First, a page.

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ToddCare

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My friend died last night. I found him early this morning.

Todd Matthew Williams was just 51. He suffered from congestive heart failure—at least that’s what we guessed. Despite a life of work—six years in the US Army, several years teaching Native American children on a reservation in South Dakota, several years working for a nonprofit in Albuquerque, driving truck in Portland—Todd had no health insurance. He never went to the doctor and so he died. Young.

Wait! Wasn’t ObamaCare supposed to eliminate all that?

Todd was fired from his last trucking job for getting into some fender benders and had been healthy his whole adult life until relatively recently. Looking back, I suspect he was simply beginning to show symptoms of his heart condition a year ago. But he was a private man and in some ways all too typical of many men, who, as Dave Barry once wrote, usually wait to see a doctor until something serious happens, like decapitation.

When will we finally decide as a nation that we should learn to follow the example of every other advanced nation on Earth from Canada to Japan to all of Europe to Australia and on and on—universal health care? We endure more than 26,000 premature adult deaths annually in America because millions still have no real access to a health care system that is advanced and can prevent early mortalities? My friend Kent was diagnosed with a congestive heart condition when he was 60. He was, and is, insured. He is 74 and going strong, with proper care and medication.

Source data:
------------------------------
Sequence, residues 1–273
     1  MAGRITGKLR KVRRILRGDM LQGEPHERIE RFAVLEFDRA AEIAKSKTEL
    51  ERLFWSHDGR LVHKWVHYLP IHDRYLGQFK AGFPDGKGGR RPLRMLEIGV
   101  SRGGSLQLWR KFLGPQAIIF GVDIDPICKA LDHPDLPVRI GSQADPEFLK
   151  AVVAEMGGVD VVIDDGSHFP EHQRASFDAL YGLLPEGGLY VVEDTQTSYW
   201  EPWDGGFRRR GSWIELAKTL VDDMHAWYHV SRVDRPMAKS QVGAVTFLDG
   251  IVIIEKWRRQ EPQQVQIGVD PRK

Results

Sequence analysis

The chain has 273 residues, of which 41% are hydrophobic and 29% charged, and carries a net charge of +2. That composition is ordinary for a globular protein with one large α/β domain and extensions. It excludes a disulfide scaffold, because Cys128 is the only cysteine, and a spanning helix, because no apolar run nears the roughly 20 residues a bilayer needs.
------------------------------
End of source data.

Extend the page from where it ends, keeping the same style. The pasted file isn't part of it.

Todd finally told me on Sunday that he was having trouble walking. He showed me his legs, swollen and with the bruises typical of edema often produced by congestive heart failure. A routine check-up a year ago may well have treated and largely corrected this.

But of course health care is a privilege in the USA. It is your right, as a US citizen, to have more than 7,000 expensive nuclear weapons on obscenely costly Trident submarines and Stealth bombers, all prepped all the time to destroy life on Earth. It is your right, as an American, to project power and dominance from approximately 1,000 military bases on the sovereign soil of other people’s lands, costing far more than universal health care would ever cost. No other country does this. Find me the Chinese bases in Europe; find me the Russian bases in Oceana or Africa. Look in 153 of the 193 nation-states on Earth and you’ll find only US bases. Look in Todd’s room and you won’t find him. He and thousands of others are sacrificed on the altar of militarism every year.

Can we change this? Can we replace elected officials until they finally fix it? Please?

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Tom H. Hastings is core faculty in the Conflict Resolution Department at Portland State University and founding director of PeaceVoice

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